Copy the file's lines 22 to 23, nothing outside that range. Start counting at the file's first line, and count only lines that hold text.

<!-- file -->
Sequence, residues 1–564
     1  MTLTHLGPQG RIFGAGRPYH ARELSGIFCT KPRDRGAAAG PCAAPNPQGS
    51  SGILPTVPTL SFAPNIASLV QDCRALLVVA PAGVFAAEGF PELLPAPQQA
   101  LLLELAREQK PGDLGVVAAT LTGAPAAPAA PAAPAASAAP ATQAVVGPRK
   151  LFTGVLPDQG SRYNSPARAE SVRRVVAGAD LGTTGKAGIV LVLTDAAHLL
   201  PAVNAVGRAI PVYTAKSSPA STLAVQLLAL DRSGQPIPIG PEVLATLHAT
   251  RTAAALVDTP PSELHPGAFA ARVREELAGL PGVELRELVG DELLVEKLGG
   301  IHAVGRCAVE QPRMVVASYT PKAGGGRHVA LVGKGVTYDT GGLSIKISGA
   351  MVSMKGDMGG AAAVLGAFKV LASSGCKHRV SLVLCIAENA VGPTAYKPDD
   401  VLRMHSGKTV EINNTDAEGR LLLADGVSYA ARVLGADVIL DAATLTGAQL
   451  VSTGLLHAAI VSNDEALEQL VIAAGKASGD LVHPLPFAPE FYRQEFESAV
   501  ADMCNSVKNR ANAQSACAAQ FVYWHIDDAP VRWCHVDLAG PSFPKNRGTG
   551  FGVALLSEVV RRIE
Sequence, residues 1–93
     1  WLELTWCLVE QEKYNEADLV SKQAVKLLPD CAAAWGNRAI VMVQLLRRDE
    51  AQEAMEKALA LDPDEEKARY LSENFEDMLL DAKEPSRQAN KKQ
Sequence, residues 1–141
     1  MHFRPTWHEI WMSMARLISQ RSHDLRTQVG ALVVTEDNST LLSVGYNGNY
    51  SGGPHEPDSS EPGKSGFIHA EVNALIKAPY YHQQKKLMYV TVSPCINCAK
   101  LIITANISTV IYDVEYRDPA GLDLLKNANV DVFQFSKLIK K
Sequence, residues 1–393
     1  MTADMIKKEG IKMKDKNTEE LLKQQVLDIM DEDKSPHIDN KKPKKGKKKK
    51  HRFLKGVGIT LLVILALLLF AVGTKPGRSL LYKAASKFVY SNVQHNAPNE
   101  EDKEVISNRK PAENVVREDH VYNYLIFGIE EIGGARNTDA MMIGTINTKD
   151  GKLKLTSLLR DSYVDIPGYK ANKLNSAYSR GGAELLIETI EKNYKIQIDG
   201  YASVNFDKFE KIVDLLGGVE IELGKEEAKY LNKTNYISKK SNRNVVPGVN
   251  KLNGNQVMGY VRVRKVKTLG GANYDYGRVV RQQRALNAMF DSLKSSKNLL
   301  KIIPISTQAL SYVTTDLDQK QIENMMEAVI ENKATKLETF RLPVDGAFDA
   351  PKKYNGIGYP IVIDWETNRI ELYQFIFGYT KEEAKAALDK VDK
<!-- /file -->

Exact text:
     1  MTADMIKKEG IKMKDKNTEE LLKQQVLDIM DEDKSPHIDN KKPKKGKKKK
    51  HRFLKGVGIT LLVILALLLF AVGTKPGRSL LYKAASKFVY SNVQHNAPNE